In this article
Everything you need to know about taking out car insurance
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In this article
We give you the lowdown on how car insurance works and what to do to keep costs down
As excited as you might be to take your new car out for a spin, there’s something you need to do first. Buy car insurance.
In the UK driving without insurance is a crime. You riskand a if you aren't covered. The police can even seize and destroy your car.
Car insurance also gives you peace of mind. If you damage someone else’s car or your car gets damaged or stolen, you won’t need to pay everything out of your own pocket. The insurance company will cover most of the cost.
In the most basic terms, car insurance works this way: a policyholder pays a premium to a car insurance provider, and in return the car insurance provider will pay out on any valid claims up to the limit of insurance (less any excess, of course). If a policyholder makes their premium payments, sticks to the terms of the policy and a claim meets the criteria, then a claim will be paid.
Each car insurance policy is subject to a list of terms and conditions, and certain situations will be excluded from cover. For example, car insurance policies usually exclude theft claims if a car was left unlocked.
1. Third party only
This is the most basic type of insurance and is the minimum coverage required by law. It covers damage and injury to others if an accident is your fault. It doesn’t cover any damages to your own car.
2. Third party, fire and theft
This offers the same level of cover as third party only insurance. But on top of that, it covers damage to your car if it’s caused by either theft, attempted theft or fire.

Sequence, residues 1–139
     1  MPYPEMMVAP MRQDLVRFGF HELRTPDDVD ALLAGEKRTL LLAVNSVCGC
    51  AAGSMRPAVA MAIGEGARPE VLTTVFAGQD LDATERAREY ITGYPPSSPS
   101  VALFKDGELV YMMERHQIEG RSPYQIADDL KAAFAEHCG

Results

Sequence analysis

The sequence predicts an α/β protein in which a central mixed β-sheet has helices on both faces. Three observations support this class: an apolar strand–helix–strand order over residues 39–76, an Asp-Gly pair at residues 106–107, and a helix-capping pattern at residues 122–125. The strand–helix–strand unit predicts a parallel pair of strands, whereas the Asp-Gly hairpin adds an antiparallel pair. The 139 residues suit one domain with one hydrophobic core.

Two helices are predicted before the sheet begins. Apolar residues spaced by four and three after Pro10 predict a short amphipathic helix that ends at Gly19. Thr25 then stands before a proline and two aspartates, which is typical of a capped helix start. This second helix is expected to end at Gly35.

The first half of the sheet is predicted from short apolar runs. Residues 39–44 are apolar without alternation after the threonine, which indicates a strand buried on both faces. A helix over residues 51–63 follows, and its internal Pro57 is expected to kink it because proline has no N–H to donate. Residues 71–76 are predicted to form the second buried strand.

3. Comprehensive cover
Comprehensive policies cover both the damage you cause others and your own damages. It doesn’t matter if the accident is your fault or someone else’s.
Car insurance is calculated based on two primary considerations: the perceived risk of insuring a certain car and driver, as well as the product and features being quoted by an insurance provider.
To calculate the perceived risk and generate a quote, an insurer uses an internal pricing model that factors in many details about the car and driver - and the more risk in an application, the more expensive a quote will be. As part of this, insurance companies rely heavily on Thatcham Research, which administers the Association of British Insurer’s (ABI) Group Rating system. Every car sold in the UK is issued with an Insurance Group Rating that indicates the relative risk to insurers.
Pricing models also incorporate many factors, such as the value and engine size of the vehicle as well as the age, experience and claims history of the driver. For example, a more expensive car would cost more to repair or replace if it’s in an accident, so insurance rates would typically be higher. And cars that are stolen most frequently might cost more to insure since there’s a higher chance an insurer will need to pay out on a theft claim.